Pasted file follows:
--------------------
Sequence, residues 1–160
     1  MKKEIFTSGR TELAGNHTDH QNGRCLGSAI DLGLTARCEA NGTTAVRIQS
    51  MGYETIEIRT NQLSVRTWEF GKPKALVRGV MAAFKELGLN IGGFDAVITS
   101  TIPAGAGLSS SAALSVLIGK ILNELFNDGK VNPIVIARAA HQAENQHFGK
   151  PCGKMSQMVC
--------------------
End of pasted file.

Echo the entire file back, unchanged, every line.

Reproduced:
Sequence, residues 1–160
     1  MKKEIFTSGR TELAGNHTDH QNGRCLGSAI DLGLTARCEA NGTTAVRIQS
    51  MGYETIEIRT NQLSVRTWEF GKPKALVRGV MAAFKELGLN IGGFDAVITS
   101  TIPAGAGLSS SAALSVLIGK ILNELFNDGK VNPIVIARAA HQAENQHFGK
   151  PCGKMSQMVC